Omega-3 fatty acids: Found in fish oil and other vegan alternative supplements, can improve mood and reduce symptoms of depression[xiv][xv]. Bare Biology Mindful Fish Oil Oil Liquid and Cytoplan Vegan Omega 3 Liquid

Vitamin D: Low levels of vitamin D have been linked to depression, and supplementing with vitamin D may help improve mood. Research indicates that there could be a connection between depression and vitamin D. Vitamin D is a crucial nutrient that affects various bodily functions, including mood and cognitive performance[xvi]. Several studies have shown that individuals with depression are more likely to have inadequate vitamin D levels, and taking vitamin D supplements may alleviate depression symptoms. It is a good idea to get your levels tested with a blood test, especially coming out of winter. It’s also good to check your levels are not too high if you have been supplementing a lot. Pure Encapsulations Liquid Vitamin D3 (1000IU per drop).

B vitamins: Several B vitamins, including B12 and folate, have been linked to depression. Supplementing with these vitamins may help improve symptoms[xvii]. Folate, a naturally occurring B vitamin, is needed in the brain for the synthesis of norepinephrine, serotonin, and dopamine. Whilst adequate B12 prevents nerve damage[xviii]. Pure Encapsulations B Complex Plus or Wild Nutrition Energy Support for All

Saffron: A spice commonly used in cooking, can be as effective as some antidepressant medications in reducing symptoms of depression. Research shows saffron extract might inhibit serotonin reuptake in synapses in the brain[xix]. Viridian Saffron Extract With Marigold

St. John's Wort: A natural supplement that has been used for centuries to treat depression, has been shown to be effective in reducing symptoms of mild to moderate depression. Bio-Health Hyperidrine/St Johns Wort

Bergamot: Bergamot essential oil aromatherapy provided several beneficial effects to participants including reduced heart rate, blood pressure, stress responses, depression, and anxiety[xx]. Aqua Oleum Bergamot – Organic

5HTP: 5-HTP is a type of dietary supplement that is frequently used to treat depression. The amino acid 5-HTP aids in the production of serotonin, which is a neurotransmitter that helps to regulate mood, sleep, and appetite. Some studies have suggested that lower levels of serotonin may contribute to depression and other mood disorders. Taking 5-HTP supplements can boost serotonin levels in the brain, which may help to relieve symptoms of depression[xxi][xxii]. Although 5-HTP can be purchased without a prescription, it is critical to speak with your GP or prescriber before starting any new supplements or medications, particularly if you are currently taking antidepressants or other medications. Cytoplan 5-HTP Plus and Pure Encapsulations MotilPro: MotilPro is a unique combination of nutrients, including 5-HTP and ginger. Provides pyridoxal 5′ phosphate (activated vitamin B6) and 5-hydroxytryptophan (5-HTP).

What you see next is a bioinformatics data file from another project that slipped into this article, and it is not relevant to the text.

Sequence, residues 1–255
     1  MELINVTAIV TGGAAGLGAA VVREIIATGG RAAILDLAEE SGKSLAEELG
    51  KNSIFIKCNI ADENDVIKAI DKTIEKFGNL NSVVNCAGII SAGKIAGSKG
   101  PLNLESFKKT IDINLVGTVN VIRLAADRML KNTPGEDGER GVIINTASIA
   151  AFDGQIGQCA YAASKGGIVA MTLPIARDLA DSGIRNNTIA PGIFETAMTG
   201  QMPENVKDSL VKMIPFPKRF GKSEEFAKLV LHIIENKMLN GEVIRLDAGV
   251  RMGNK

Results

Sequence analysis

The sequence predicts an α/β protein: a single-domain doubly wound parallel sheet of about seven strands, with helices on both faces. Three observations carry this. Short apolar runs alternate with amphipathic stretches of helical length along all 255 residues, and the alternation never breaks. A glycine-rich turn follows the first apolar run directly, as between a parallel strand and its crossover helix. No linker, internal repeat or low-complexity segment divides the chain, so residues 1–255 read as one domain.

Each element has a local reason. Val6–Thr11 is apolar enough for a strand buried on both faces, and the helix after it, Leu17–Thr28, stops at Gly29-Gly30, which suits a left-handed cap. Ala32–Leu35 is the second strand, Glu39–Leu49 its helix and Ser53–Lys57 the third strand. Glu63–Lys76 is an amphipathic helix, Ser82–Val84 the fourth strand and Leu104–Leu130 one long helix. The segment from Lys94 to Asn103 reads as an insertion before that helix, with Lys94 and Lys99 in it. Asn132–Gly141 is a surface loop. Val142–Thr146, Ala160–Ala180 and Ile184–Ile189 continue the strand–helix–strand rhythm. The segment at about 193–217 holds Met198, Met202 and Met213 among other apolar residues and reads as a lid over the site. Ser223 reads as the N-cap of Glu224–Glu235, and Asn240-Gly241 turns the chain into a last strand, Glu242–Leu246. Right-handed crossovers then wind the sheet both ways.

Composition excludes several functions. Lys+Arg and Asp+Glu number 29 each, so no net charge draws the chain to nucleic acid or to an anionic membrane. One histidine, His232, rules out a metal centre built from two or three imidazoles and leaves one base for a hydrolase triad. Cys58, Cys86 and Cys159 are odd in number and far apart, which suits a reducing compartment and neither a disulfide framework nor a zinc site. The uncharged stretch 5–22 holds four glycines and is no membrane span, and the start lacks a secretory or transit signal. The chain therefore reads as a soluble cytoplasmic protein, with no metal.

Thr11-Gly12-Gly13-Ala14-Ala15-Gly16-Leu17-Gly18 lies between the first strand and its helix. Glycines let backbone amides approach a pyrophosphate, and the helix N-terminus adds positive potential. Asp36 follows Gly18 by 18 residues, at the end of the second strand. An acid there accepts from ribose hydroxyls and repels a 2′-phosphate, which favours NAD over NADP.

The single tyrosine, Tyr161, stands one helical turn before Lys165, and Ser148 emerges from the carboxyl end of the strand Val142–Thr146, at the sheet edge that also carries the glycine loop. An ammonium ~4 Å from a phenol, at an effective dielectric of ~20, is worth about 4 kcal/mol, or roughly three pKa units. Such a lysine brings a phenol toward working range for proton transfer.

Lion's Mane: Numerous studies have revealed that Lion's Mane mushroom and its extract provide a range of health benefits. The research indicates that Lion's Mane has the potential to protect against dementia, alleviate mild symptoms of anxiety and depression, and aid in the restoration of nerve damage[xxiii]. Additionally, researchers say Matcha, a traditional Japanese tea, can help boost mood and mental performance[xxiv]. Mushrooms 4 Life Organic Lion's Mane Plus Matcha and Cinnamon

Glutamine: Glutamine supplementation may provide significant adjunctive nutritional support in cases of depression by promoting proper gut health and function[xxv]. L-Glutamine Powder by Viridian

Passionflower has been seen in studies to help reduce stress and can therefore be helpful in the treatment of insomnia, anxiety, and depression[xxvi]. Passiflora Complex

Functional testing options for depression

Functional testing for depression involves looking at specific biomarkers in the body that can indicate imbalances or deficiencies that may contribute to depression.

Some functional tests that may be used for depression include:

A nutritional therapist can work with you to suggest the tests you may need and analyse the results. Functional testing can reveal underlying issues contributing to depression and help design personalised treatment plans, such as targeted nutrient supplementation.

Lifestyle suggestions for depression

Incorporate regular exercise into your routine, aiming for at least 30 minutes of moderate-intensity activity most days of the week. Exercise has been shown to improve mood and reduce depression symptoms.

Prioritise getting adequate sleep, aiming for 7-8 hours of sleep per night. Maintaining a regular sleep schedule and establishing a relaxing bedtime routine can also help improve sleep quality.

Practice stress-reducing techniques, such as deep breathing, mindfulness meditation, or gentle yoga, to help manage stress and anxiety that may worsen depression symptoms. Try looking into breathwork sessions. Breathwork sessions may offer several potential benefits for individuals with depression. Some of these benefits may include:

Stress reduction: Breathwork techniques, such as deep breathing and pranayama, can help to calm the body's stress response and reduce feelings of anxiety and tension.

Focus on eating a balanced, nutrient-rich diet with plenty of fresh fruits and vegetables, whole grains, and lean protein. A healthy diet can support overall health and may improve mood.

Spend time in nature and take advantage of the calming and restorative effects of the outdoors. Even just a short walk outside can help reduce stress and boost mood.

Seek support from friends, family, or a mental health professional. Talking with someone you trust can help you feel less isolated and provide you with valuable resources and support to manage your depression.

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Please note that the information contained within this website does not and should not replace medical advice, and is not intended to treat or diagnose. We always recommend you consult with your doctor. Our Nutritional Therapy team is highly trained and we offer one to one Nutritional Therapy Consultations, which are designed to be complementary to any medical treatment from a functional medicine approach, as well as offering a preventative & optimal health focus.